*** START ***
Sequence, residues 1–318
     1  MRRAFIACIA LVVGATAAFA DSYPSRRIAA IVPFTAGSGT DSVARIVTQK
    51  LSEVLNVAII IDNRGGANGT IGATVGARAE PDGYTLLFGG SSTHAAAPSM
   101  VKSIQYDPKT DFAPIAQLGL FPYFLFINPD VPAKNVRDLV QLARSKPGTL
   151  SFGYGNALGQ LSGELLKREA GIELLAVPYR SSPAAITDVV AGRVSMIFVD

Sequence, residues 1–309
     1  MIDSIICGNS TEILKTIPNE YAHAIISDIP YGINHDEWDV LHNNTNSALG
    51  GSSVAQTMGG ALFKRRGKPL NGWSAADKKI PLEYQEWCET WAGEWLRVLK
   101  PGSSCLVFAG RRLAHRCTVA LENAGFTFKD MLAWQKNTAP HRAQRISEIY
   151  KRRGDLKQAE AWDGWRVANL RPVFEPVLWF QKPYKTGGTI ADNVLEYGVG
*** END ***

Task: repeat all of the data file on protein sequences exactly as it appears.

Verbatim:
Sequence, residues 1–318
     1  MRRAFIACIA LVVGATAAFA DSYPSRRIAA IVPFTAGSGT DSVARIVTQK
    51  LSEVLNVAII IDNRGGANGT IGATVGARAE PDGYTLLFGG SSTHAAAPSM
   101  VKSIQYDPKT DFAPIAQLGL FPYFLFINPD VPAKNVRDLV QLARSKPGTL
   151  SFGYGNALGQ LSGELLKREA GIELLAVPYR SSPAAITDVV AGRVSMIFVD

Sequence, residues 1–309
     1  MIDSIICGNS TEILKTIPNE YAHAIISDIP YGINHDEWDV LHNNTNSALG
    51  GSSVAQTMGG ALFKRRGKPL NGWSAADKKI PLEYQEWCET WAGEWLRVLK
   101  PGSSCLVFAG RRLAHRCTVA LENAGFTFKD MLAWQKNTAP HRAQRISEIY
   151  KRRGDLKQAE AWDGWRVANL RPVFEPVLWF QKPYKTGGTI ADNVLEYGVG